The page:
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Re: Inverting a hash safely

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Shawn H. Corey
August 4, 2009 06:03
Re: Inverting a hash safely
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Ed Avis wrote:
> Shawn H. Corey <shawnhcorey <at>> writes:
>> But then again I never have to invert a hash; when I populate it, I 
>> would populate its inverse as well.  I would build both data structures 
>> at the same time, inserting only the data I need, where I need it.
> That's often a good approach.  But in the particular case I was thinking of,
> there was some (programmer-maintained, not user-maintained) configuration data
> in a hash:
>     my %lookup = (Frob => 55, Boo => 66, Grick => 67);
> Of course it would be silly to write a %lookup_reverse hash by hand and then
> worry about keeping the two consistent.  Better to write it once and invert it.

This assumes that programmers never make mistakes.  This source of 
input, and like all input, should be validated before it is used.  And 
while you're validating it, that is, while you're going through the hash 
one item at a time, you can build your inverse, just like I said.

> Similarly, if you are making a subroutine that takes a hash as input, it is
> inconvenient to require your caller to pass both the hash and its inverse.
> Indeed, it creates all sorts of opportunities for bugs when somehow the hash
> and inverse-hash you are passed aren't consistent with each other.  (Generally
> anything that can go wrong will go wrong, sooner or later.)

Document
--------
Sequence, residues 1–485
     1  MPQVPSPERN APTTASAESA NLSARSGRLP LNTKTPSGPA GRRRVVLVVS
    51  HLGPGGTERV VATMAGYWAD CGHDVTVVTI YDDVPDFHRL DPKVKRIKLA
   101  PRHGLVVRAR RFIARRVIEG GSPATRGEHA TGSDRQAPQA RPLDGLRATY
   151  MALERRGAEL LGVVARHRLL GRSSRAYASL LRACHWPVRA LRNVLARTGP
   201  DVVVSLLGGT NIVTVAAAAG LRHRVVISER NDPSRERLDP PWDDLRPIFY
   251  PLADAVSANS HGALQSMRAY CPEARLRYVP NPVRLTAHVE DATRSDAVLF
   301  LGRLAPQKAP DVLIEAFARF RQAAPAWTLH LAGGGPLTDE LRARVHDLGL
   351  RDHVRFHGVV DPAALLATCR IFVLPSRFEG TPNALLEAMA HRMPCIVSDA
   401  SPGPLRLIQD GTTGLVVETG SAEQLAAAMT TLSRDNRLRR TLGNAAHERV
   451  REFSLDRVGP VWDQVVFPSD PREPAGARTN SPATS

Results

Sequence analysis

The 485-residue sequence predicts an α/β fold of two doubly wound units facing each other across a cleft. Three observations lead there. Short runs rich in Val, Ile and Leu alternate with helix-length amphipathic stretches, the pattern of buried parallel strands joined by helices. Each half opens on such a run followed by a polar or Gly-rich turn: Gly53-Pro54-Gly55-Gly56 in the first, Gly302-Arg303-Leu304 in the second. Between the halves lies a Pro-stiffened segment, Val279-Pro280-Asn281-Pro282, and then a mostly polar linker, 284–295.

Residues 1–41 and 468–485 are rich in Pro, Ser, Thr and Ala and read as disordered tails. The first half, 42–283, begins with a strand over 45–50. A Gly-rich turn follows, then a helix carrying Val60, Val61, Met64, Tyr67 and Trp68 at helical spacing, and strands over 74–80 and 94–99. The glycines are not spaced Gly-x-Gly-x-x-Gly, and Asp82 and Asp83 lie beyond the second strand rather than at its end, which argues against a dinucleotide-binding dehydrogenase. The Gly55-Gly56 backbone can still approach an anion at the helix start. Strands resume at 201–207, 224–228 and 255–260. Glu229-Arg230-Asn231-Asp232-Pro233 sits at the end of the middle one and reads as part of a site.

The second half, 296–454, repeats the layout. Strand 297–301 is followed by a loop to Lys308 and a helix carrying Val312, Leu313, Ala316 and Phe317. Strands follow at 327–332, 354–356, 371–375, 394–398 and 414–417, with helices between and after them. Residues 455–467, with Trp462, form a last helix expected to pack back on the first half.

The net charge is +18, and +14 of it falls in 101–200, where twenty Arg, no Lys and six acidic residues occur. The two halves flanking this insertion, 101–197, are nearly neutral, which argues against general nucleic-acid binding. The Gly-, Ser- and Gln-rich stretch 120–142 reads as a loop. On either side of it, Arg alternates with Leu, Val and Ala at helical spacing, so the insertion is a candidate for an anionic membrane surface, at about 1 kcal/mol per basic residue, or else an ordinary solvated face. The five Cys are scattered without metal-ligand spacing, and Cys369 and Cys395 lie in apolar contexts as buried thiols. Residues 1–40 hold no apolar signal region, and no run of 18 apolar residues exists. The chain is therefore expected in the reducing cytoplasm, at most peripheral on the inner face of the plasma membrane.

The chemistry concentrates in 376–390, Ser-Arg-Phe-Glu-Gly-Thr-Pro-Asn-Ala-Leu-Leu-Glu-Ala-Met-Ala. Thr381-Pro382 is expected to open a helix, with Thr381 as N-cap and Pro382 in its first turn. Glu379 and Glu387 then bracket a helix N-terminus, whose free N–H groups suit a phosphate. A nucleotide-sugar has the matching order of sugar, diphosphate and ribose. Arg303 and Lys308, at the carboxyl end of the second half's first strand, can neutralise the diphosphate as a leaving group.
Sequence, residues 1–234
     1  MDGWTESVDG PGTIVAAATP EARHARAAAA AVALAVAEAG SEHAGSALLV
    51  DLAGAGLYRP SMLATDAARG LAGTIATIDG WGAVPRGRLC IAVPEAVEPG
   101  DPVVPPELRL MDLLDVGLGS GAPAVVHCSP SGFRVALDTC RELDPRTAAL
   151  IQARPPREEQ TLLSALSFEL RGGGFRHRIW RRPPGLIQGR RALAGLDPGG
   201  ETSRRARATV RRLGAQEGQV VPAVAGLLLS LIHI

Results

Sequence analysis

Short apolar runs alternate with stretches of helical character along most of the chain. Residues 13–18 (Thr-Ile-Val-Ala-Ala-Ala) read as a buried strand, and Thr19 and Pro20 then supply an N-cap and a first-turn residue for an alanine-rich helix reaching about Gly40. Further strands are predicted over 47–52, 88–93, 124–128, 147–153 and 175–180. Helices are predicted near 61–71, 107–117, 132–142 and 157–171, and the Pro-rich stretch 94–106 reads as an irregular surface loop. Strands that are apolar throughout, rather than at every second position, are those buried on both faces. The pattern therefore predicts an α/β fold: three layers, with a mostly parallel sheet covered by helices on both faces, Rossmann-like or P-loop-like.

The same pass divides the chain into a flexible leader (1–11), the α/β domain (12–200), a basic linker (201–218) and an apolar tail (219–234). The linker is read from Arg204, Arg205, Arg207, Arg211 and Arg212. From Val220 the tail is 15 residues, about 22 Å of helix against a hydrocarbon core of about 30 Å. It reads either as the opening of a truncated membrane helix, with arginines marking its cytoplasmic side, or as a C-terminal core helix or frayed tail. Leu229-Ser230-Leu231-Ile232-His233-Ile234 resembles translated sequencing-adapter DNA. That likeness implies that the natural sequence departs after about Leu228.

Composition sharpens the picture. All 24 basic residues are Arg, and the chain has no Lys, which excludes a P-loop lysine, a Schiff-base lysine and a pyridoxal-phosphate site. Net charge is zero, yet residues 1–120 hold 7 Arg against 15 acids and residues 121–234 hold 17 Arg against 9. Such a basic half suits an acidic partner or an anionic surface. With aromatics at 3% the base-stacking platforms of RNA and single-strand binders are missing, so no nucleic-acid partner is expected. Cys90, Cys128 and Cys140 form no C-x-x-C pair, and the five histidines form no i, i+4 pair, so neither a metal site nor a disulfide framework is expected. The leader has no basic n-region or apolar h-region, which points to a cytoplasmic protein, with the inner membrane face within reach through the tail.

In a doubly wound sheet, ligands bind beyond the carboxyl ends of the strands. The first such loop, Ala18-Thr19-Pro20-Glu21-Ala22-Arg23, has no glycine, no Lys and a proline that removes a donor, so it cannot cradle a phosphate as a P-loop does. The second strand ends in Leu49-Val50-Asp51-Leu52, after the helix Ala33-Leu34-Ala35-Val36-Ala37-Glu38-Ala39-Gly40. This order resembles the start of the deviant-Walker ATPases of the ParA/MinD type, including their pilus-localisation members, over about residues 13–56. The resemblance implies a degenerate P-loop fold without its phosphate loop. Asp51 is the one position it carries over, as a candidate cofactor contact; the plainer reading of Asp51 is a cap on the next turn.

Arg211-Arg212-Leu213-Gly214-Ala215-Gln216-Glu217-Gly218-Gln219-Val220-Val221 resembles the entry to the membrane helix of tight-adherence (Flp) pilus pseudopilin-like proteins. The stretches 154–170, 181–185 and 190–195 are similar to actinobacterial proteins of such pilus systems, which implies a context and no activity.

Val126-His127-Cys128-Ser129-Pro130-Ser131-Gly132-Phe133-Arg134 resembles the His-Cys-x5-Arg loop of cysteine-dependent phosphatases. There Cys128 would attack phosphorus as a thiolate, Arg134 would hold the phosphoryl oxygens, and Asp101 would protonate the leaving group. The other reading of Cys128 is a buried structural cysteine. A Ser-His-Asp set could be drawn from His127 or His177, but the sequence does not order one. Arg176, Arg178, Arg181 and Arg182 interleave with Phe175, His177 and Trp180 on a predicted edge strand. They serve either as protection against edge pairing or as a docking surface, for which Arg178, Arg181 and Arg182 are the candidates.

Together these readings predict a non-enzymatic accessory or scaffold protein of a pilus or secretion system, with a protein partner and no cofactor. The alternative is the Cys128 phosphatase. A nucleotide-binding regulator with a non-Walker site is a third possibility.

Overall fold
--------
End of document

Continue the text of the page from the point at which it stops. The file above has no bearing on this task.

The bugs show up because of the lack of validation.  Or are you thinking 
that some software upstream causes bugs and you're responsible for 
catching them?  It's a better idea to unit test _all_ the software so it 
does not create bugs.

> Or if your routine gives a hash as output (such as many XML processing or
> database modules), it would be seen as a bit weird to return both a hash and
> an inverse-hash.  It's a question of taste, but I would prefer to just get one
> hash as the return value, and invert it if I need to.

Why on earth would you want to invert an XML file?  Sounds like someone 
is being clever.  Remember:  clever == hard to understand == costly to 

As for inverting the return from a database, I would get the database to 
do it.  It can take advantage of relationships inside the database that 
are lost when the data is extracted.

> So I don't think it is fair to say that inverting a hash is never needed,
> although you can certainly minimize the need for it if you build your own
> data structures carefully.

To be specific, I said I never had to invert a hash since I build all 
the data structures I need while validating the input.  And no, I don't 
pass large data structures around.  Either I need only one set at a 
time, in which case they're globals, or I put them in an object and pass 
that around.

Just my 0.00000002 million dollars worth,

Programming is as much about organization and communication
as it is about coding.

My favourite four-letter word is "Done!"

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